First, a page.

Do You Have a “Microwave Mentality” Toward Change?
I had a craving for some popcorn today. So I popped some.
If we’re popcorn eaters, it is probably fair to say that many of us would purchase microwave instead of regular popcorn. Why? The microwave variety is more convenient and takes less time to prepare. Just throw it in the microwave for approximately 2-4 minutes (or hit the popcorn button on your wave machine) and be done with it.
One day, I decided to buy a bag of regular kernel popcorn – the store brand, no less – to prepare for an at-home movie outing. It cost me less than two dollars. I prepared to pop the corn, placing a thin layer of vegetable oil in the bottom of a medium sized pot, pouring the popcorn in the pot to cover the bottom, putting some chunks of Country Crock on top of the kernels, and sprinkling some Old Bay seasoning on the whole thing. Once I prepared the popcorn, I put a top on the pot, turned the flame on sort of high, and waited. It took awhile for the oil to get hot enough to pop the corn, probably the same amount of time it takes for the popcorn to pop in the microwave. In fact, my daughter asked, “When is it going to start to pop?” because she wanted the popcorn right then. Finally, the popcorn started popping. That took a little while too. But when the kernels stop popping and I took off the top of the pot, I had beautifully popped, buttery popcorn with no burning! It took a little more time to prepare it this way, but it sure was worth the wait. I achieved a much better result. That popcorn was delicious!
So who the heck cares about popcorn and how it’s cooked? What does this have to do with anything?
Just like the popcorn, or anything else we microwave, we sometimes seek changes in our lives to happen quickly. Let’s take weight loss, for example. I gained 37 pounds during my pregnancy – nine years ago. Up until last year, I carried 20 pounds of that baby weight. But last year, I decided I wanted to become healthy for me and my family. Of course, I wanted to lose the weight quickly, but I knew if I lost it too rapidly, there’d be a good chance I’d gain the weight back. We know that sometimes significant changes need to be made in order to achieve weight loss (I had 30 pounds to lose), but usually gimmicks and quick fixes cannot be maintained. In fact, the American Heart Association stated, “Because most quick-weight-loss diets require drastic changes in eating patterns, you can’t stay on them for long.” So if we lose the weight quickly, we often gain the weight back, sometimes more than what we gained in the first place. Quick fixes usually don’t work, at least not permanently. But I made changes gradually, changes that I could maintain. I learned what I could and could not eat and when I could eat it. I didn’t starve myself. I ate plenty of food (sometimes still too much). I began to work out regularly. So I am now 20 pounds lighter than I was this time last year. It’s taken a year. And I feel good that as long as maintain my new habits and let go of the bad, I will keep the weight off permanently (I actually have 10 more pounds to go).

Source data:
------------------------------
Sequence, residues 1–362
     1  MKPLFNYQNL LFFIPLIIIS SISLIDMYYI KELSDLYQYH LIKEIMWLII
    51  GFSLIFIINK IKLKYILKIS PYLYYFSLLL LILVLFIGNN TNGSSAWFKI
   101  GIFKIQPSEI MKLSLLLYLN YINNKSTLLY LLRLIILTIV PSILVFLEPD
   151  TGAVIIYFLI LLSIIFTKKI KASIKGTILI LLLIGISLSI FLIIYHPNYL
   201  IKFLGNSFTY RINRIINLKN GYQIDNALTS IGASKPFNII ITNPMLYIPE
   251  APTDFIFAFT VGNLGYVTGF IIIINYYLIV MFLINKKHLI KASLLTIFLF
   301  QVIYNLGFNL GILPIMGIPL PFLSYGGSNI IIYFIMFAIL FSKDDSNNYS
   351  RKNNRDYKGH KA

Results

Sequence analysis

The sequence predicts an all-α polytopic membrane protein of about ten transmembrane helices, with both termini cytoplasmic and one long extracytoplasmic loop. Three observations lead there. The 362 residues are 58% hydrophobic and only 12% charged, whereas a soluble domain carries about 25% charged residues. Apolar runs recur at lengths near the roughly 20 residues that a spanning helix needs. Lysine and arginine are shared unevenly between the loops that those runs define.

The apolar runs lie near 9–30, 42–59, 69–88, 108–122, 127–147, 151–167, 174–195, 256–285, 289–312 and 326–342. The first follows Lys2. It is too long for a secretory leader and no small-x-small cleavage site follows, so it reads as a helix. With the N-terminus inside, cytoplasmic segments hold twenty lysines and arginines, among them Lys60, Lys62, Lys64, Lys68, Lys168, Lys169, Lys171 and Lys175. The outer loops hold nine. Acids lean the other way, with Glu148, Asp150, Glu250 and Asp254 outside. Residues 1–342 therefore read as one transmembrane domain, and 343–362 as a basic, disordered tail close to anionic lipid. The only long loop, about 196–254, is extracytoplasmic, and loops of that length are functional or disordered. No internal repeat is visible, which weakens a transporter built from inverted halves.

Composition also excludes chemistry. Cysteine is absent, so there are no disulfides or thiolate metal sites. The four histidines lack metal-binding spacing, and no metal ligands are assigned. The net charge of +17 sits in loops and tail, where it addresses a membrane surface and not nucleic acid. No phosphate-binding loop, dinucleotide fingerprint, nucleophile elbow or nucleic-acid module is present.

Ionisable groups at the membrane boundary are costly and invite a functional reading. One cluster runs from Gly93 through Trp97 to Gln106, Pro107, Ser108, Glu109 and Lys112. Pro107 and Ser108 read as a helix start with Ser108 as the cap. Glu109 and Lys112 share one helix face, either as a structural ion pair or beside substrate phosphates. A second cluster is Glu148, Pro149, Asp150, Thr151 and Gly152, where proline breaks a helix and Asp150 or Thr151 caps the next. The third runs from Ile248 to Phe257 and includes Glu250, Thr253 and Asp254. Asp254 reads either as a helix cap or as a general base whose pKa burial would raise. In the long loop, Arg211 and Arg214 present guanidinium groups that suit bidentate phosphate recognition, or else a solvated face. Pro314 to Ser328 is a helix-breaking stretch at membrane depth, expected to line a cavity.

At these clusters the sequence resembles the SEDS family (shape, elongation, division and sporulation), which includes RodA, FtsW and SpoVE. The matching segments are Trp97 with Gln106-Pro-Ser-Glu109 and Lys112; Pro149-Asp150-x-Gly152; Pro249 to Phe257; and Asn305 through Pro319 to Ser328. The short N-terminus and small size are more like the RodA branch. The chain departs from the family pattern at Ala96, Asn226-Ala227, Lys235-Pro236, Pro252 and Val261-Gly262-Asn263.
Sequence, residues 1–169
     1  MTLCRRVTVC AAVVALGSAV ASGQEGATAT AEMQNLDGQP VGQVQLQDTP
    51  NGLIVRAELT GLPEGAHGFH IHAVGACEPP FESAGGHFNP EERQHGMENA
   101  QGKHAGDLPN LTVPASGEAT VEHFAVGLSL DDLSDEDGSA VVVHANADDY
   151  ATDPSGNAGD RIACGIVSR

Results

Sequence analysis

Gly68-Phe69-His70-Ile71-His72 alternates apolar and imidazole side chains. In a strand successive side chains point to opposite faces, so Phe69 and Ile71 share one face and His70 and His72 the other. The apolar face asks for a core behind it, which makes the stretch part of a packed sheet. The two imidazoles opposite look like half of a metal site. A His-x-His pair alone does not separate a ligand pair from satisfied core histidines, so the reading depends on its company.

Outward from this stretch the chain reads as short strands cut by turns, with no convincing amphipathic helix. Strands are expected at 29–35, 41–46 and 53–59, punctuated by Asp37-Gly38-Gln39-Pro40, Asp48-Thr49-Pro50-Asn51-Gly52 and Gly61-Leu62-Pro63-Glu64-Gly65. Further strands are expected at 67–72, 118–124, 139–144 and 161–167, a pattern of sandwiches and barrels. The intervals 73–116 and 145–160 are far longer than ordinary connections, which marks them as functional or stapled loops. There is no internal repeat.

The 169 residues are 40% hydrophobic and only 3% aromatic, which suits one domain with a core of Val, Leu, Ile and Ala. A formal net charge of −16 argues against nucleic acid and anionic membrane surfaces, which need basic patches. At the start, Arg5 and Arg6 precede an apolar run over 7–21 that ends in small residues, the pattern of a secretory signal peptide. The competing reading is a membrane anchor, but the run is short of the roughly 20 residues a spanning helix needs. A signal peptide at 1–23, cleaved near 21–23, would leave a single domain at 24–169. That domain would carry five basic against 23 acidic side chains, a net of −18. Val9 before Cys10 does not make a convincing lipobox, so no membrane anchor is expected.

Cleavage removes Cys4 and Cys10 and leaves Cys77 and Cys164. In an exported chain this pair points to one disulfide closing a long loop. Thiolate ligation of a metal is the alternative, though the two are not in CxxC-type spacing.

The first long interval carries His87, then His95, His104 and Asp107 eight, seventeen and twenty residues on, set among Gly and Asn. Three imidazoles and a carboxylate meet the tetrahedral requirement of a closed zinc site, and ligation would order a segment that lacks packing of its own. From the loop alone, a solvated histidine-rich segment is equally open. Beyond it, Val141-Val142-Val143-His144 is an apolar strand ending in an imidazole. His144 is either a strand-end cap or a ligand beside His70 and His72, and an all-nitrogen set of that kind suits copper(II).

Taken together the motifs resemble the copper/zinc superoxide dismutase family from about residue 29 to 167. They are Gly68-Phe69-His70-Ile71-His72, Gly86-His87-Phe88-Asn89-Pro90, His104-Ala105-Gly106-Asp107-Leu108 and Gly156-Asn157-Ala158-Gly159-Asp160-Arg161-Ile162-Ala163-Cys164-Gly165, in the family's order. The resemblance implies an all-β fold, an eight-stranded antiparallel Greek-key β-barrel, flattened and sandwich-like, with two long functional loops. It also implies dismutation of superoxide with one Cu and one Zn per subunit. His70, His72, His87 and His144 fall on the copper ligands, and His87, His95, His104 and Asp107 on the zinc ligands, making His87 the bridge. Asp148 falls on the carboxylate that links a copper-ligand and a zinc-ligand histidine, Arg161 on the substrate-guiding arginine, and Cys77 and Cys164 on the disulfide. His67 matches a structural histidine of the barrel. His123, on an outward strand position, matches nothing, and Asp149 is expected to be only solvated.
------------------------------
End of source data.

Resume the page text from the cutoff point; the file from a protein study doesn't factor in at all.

Let’s take another example. For years, I didn’t control my emotions. In fact, I carried suppressed anger that I allowed rear its ugly head in my marriage often. It goes without saying that if I wanted to my marriage to succeed, I had to make some changes. And I wanted the changes to happen quickly. So over the years, I prayed, praised God, worshipped God, read my Bible regularly. And when I engaged in these activities, I thought I was emotionally healed. I thought that God was going to instantly heal me of my emotional baggage. After all, when Jesus healed people, it was usually an immediate healing. And surely, after most church services, I left feeling good, believing in my heart God had touched me in some way. And He did.
Deep down, my soul was still sick.
Yet, I continued to pray, I continued to read and reflect, I continued to seek God for my change. And as I persevered, things began to change. I began to look at my husband through different lenses. I began to see the glass as half full. God revealed to me how to make the changes. It wasn’t pretty, but after some years, I’ve learned how not to becoming offended so easily, how to communicate better, and how to see my husband as the gift God graciously gave me. We’ve now been married 12 years. And our relationship is better than it has ever been, and getting better!
I have come to a different understanding of emotional and spiritual healing these days. God is the source of healing for me. But I don’t think God does takes a “microwave popcorn” approach to it (at least He hasn’t for me). As the Greek slave and fable author Aesop said in The Tortoise and the Hare, ”Slow and steady wins the race.” And for me and my emotional health comes in the form of being more attuned to my immediate circumstances and how I react to them. But it’s taken time for me to figure out how to become more sensitive to how I react to things.
My emotional healing hasn’t been a quick fix, as much as I’ve wanted it to be. It has been a slow process. Yet it sure feels good to have a different response and reap the benefits of that response today.
So for those of you who are seeking a change (or changes), it may not be helpful to seek the quick fix. Because while temporary relief may come and go, transformation achieved through effort and struggle is lasting.
“Time is a dressmaker, specializing in alterations.” ~Faith Baldwin